‘A Harvest Of Death’: 33 Haunting Photos Of The Battle Of Gettysburg

Published March 13, 2022
Updated November 8, 2023

The Battle of Gettysburg was the pivotal moment of the Civil War and the bloodiest hour in American history. These photos tell its story.

Battle Of Gettysburg Bodies
Confederate Prisoners
Sanitary Commission
Soldier Dead With Rifle
‘A Harvest Of Death’: 33 Haunting Photos Of The Battle Of Gettysburg
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In the summer of 1863, Confederate Army Gen. Robert E. Lee was riding a tidal wave of momentum. His victory at Chancellorsville had raised the morale of his army and he believed it was then the right time to take the fight to the Union Army. The historic Battle of Gettysburg was the result.

Lee decided as well to give the war-torn state of Virginia a reprieve and have his men take supplies from the bountiful farms of the North for a change. Additionally, Lee wanted to force the Lincoln administration into peace talks and thought the best way to do so was to strike them in their own territory.

With all of this in mind, he prepared the 75,000 of the Army of Northern Virginia for a march into Pennsylvania. It was there that they met the Army of the Potomac in the sleepy little town of Gettysburg, Pa. in a battle that would forever redefine American history.

On July 1, 1863, the Battle of Gettysburg began.

At first, Union soldiers were able to repel the invaders for most of the day. It was only after massive assaults by Lt. Gen. Richard S. Ewell and Maj. Gen. Robert E. Rodes that the Union lines collapsed and were forced to retreat to Cemetery Hill just south of Gettysburg.

Ewell could have continued the offensive and attempted to take Cemetery Hill but decided not to. Some historians argue that had he done so, the course of the decisive Battle of Gettysburg would have turned in favor of the Confederates.

The second day saw even more bloodshed. Union troops formed a fishhook formation around Cemetery Hill and the Confederate generals focused their attacks on the flanks of the Union lines. Meade's forces were well-prepared and despite suffering heavy casualties themselves, they were able to hold their ground and inflict heavy losses on the Confederates.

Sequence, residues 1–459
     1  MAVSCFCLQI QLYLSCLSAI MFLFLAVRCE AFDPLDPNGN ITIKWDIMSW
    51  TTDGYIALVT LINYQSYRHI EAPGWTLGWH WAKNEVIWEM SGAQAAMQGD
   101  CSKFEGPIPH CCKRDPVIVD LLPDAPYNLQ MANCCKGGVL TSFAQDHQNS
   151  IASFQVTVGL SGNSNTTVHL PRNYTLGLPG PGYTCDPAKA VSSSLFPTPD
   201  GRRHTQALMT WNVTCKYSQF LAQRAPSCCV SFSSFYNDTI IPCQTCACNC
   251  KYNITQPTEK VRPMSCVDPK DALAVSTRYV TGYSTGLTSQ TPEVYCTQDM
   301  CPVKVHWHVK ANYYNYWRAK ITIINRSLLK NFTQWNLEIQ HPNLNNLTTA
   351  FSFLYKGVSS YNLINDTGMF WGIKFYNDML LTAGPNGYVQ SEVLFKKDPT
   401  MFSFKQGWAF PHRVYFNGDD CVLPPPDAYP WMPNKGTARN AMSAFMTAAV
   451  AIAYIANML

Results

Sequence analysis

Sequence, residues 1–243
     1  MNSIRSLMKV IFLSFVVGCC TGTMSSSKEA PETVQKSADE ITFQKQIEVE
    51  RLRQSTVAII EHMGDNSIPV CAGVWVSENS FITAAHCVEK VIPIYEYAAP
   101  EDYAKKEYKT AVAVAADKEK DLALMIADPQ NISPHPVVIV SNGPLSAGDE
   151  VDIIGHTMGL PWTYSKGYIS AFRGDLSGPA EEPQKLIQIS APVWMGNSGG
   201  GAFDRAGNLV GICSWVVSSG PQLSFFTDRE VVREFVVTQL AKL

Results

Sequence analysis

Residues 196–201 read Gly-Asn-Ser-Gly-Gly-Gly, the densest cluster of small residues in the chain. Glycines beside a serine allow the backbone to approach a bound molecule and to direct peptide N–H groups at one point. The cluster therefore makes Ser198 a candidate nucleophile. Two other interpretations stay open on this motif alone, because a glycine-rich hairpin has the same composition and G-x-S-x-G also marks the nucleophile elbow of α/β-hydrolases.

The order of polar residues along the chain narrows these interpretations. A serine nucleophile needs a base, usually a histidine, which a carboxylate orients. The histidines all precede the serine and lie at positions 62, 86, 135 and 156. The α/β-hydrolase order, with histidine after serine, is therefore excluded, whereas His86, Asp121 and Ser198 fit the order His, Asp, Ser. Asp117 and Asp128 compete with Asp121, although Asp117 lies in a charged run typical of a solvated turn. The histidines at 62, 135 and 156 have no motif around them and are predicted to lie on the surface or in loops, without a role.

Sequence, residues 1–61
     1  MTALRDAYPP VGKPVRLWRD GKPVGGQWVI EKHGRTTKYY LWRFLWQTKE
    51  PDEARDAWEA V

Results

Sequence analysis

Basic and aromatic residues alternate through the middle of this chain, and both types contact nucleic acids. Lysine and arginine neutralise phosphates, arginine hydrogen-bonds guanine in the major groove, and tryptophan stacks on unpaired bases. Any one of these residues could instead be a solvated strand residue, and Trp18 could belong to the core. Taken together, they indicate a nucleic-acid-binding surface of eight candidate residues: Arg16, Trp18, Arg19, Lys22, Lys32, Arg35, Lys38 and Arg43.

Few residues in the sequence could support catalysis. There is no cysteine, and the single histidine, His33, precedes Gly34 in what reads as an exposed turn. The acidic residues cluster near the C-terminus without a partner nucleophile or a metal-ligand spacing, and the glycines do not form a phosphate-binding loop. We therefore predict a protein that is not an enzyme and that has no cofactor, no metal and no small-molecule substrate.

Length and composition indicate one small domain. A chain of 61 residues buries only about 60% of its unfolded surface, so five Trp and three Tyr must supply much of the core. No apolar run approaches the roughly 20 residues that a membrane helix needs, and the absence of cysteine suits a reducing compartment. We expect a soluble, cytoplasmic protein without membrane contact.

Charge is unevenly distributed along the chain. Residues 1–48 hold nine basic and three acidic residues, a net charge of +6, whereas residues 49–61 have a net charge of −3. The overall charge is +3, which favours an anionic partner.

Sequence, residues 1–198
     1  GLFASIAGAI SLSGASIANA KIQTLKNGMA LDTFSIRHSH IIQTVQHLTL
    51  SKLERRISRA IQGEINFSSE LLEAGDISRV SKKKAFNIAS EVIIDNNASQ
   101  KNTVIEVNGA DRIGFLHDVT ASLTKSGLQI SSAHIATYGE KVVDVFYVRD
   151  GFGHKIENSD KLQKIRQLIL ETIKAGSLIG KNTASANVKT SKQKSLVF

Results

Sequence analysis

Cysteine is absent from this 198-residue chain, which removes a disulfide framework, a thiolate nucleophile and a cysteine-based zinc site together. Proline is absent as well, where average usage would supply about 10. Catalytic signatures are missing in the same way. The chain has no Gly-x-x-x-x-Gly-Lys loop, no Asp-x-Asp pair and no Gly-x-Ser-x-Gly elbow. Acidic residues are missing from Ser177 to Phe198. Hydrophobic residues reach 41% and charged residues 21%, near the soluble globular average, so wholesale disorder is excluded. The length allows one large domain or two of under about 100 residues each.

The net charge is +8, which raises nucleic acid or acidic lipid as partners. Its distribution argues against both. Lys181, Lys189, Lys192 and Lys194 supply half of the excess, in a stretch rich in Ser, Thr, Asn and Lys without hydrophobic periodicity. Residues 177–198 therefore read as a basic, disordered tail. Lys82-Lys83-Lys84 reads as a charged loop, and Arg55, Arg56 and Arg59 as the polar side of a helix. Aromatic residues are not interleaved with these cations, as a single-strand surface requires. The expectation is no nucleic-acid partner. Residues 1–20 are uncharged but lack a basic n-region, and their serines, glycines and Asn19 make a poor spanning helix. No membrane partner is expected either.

Meanwhile, attempts made by the Confederates to take the flanks of the Union line were largely unsuccessful while both sides suffered significant casualties. Things might not have been so bad for the Confederates had faulty intelligence not prevented Lee from forming an effective battle plan that would have cut off the Union's supply lines.

The tipping point came on the third day of the Battle of Gettysburg. Union forces were still well-fortified around Cemetery Hill and Lee thought that synchronized assaults on the surrounding areas of Culp's Hill and Cemetery Ridge would tip the battle in his favor. After Union batteries opened fire, the assault on Culp's Hill began.

The death blow to the Confederates was the infamous Pickett's Charge, named after General George Pickett whose division led the attack. Lee ordered an infantry assault in the middle of the Union's defensive line. The result was a predictable and significant defeat for the Confederate soldiers.

After three days of bloody fighting, the Battle of Gettysburg ended with more than 50,000 casualties. The Confederates were forced to retreat while the Union rejoiced at Lee's defeat. The South was shattered both militarily and politically — and the turning point of the Civil War had now occurred.

See some of the most powerful photos of the Battle of Gettysburg in the gallery above.

After this look at the Battle of Gettysburg, read about the brutal Civil War POW camp at Andersonville, and have a look at more haunting photos from the Civil War.

John Kuroski
John Kuroski is the editorial director of All That's Interesting. He graduated from New York University with a degree in history, earning a place in the Phi Alpha Theta honor society for history students. An editor at All That's Interesting since 2015, his areas of interest include modern history and true crime.